The Protecting Academics at Risk: A Survey of European and EU Practice (PROAC) project examined the difficulties faced by at-risk scholars seeking refuge in two EU countries (Hungary and Romania) and the United Kingdom, as well as the strategies used at the EU level to deal with academic displacement. The study identified examples of effective academic integration of at-risk scholars and highlighted the shortcomings of current methods of dealing with such cases. The review of legal provisions and institutional frameworks for dealing with forced academic migration revealed that higher education institutions (HEI) are mostly the ones handling cases of at-risk scholars, often without external support, resulting in fragmentation and heterogeneity of outcomes. Interviews with administrators from HEI in the three countries revealed that (1) the specific risks faced by academics fleeing war and conflict or states experiencing democratic erosion are poorly understood, and (2) significant risks faced by at-risk academics are related to the precarious situation of their families, who may have difficulty obtaining the necessary administrative and visa support. An important conclusion of the project is that existing systems for integrating at-risk academics are primarily designed for times of peace and democratic stability and the institutional framework, both at the national and the EU level, requires a comprehensive overhaul.
- (under review) Protecting Galilei: Towards a Policy Agenda Supporting Academics at Risk, Dina Gusejnova, Alina Dragolea, Andrea Petö, Andrei-Vlăduț Terteleac, Artemis Photiadou Rebeka Bakos, submitted to Comparative Migration Studies
- (forthcoming) Rebeka Bakos, Andrea Peto, Selective academic freedom: the case of Hungary, in Maria Slowey and Richard Taylor (editors), For Academic freedom: core value or elite privilege?
- Results of the project were presented by PI Andrea Petö and PA Vlad Terteleac at the CIVICA Research Conference, 1-2 September 2022, Budapest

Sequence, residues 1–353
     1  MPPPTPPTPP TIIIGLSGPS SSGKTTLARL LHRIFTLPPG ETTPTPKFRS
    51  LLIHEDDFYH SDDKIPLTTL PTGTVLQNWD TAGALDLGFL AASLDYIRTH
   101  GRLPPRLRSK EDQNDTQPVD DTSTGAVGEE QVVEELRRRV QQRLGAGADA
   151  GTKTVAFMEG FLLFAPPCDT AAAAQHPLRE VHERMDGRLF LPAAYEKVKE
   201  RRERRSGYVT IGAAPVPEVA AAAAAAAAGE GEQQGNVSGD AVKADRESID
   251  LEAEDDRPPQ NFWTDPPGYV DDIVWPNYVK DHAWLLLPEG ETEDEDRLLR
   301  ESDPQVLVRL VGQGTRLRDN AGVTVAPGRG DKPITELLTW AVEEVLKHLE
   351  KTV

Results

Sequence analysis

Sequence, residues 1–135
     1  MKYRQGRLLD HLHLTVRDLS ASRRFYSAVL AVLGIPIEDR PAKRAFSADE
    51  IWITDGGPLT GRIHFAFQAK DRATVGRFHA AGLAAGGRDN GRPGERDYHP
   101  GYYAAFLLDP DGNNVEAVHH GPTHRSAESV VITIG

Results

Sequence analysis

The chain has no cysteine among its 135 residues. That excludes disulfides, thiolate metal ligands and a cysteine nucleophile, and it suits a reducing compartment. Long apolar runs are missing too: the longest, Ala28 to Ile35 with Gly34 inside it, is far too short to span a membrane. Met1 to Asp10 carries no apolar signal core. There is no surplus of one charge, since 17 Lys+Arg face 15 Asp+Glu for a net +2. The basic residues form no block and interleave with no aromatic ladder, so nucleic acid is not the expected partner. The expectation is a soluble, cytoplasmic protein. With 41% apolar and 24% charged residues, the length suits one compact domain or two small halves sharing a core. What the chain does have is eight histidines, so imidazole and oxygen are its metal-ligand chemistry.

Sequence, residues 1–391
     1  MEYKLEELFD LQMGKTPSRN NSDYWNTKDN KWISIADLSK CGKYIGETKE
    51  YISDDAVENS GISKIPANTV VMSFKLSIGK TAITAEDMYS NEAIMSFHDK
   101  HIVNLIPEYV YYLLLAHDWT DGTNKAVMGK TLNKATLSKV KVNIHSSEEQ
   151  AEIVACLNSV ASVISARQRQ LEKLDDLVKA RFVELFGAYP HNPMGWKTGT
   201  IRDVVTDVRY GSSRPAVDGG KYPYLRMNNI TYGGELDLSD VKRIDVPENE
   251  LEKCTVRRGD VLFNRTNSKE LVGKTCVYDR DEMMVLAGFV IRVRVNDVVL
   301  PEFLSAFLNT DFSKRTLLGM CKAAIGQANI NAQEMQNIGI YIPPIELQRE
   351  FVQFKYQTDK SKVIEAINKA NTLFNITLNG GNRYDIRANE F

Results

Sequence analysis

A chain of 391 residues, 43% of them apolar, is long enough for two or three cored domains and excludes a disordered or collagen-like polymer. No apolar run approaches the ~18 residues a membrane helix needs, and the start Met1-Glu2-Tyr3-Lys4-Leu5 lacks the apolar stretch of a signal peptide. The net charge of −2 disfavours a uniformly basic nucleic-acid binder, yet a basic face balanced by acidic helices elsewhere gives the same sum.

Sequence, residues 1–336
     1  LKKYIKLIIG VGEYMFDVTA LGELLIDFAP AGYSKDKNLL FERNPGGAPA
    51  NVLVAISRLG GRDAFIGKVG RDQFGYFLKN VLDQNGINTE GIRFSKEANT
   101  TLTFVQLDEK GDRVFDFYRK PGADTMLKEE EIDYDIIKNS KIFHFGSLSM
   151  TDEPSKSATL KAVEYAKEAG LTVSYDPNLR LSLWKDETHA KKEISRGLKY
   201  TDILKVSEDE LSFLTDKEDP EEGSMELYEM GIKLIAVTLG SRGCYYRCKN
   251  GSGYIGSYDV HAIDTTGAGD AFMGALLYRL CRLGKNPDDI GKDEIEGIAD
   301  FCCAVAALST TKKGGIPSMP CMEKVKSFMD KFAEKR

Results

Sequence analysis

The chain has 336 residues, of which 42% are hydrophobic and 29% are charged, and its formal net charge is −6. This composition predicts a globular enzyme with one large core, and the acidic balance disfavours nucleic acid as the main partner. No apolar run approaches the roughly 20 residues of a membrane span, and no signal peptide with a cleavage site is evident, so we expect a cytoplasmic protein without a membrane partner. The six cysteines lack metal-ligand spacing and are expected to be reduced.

- Results on the project were presented by PI Alina Dragolea and PA Vlad Terteleac at the following conferences:
- September 2023: Migration, Dialogues, Engaging Research, Policy and Civil Society, The 4th conference of the Romanian Network of Migration Studies (RoMig), Bucharest. Presentation by Alina Dragolea and Vlad Terteleac: Democratic Erosion, Illiberalism and Universities: An Argument for Academic Refugees
- June 2023 - Normative and Conceptual Perspectives on Democratic Resilience, New Europe College, Bucharest.
- Rebeka Bakos (CEU)
- Artemis Photiadou (LSE)
- Vlad Terteleac (SNSPA)
Lead institution: The London School of Economics and Political Science
Other CIVICA members involved: Bocconi University
Focus area: Democracy in the 21st Century
Overview: The project brings together an interdisciplinary team of political scientists, economists, and economic historians to examine the historical drivers of inequality and implications for contemporary rise in populism and polarisation in Europe. Our team will analyse the long-term drivers of regional and social heterogeneity in inequalities and human capital engendered at the juncture of the transition of feudal societies into modern skills-intensive and organizationally incorporated professional workforces in present-day Europe, East and West.